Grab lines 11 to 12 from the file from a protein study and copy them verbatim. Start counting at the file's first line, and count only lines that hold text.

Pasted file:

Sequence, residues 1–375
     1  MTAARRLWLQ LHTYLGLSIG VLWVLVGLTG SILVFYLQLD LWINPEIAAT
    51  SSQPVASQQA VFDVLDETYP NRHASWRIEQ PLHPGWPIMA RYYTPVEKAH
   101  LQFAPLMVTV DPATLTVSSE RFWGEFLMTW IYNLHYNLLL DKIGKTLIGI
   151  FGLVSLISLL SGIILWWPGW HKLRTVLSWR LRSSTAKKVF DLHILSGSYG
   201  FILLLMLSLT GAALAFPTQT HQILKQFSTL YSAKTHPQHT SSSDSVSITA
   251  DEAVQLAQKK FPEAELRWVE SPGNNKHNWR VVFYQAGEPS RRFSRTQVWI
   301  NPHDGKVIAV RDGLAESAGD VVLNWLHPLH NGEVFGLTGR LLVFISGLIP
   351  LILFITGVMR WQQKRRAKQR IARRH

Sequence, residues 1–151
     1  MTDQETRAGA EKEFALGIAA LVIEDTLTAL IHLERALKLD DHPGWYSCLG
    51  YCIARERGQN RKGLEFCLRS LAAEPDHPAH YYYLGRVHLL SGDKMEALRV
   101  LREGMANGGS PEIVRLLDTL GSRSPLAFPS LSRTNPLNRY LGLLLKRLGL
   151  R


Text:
     1  MTDQETRAGA EKEFALGIAA LVIEDTLTAL IHLERALKLD DHPGWYSCLG
    51  YCIARERGQN RKGLEFCLRS LAAEPDHPAH YYYLGRVHLL SGDKMEALRV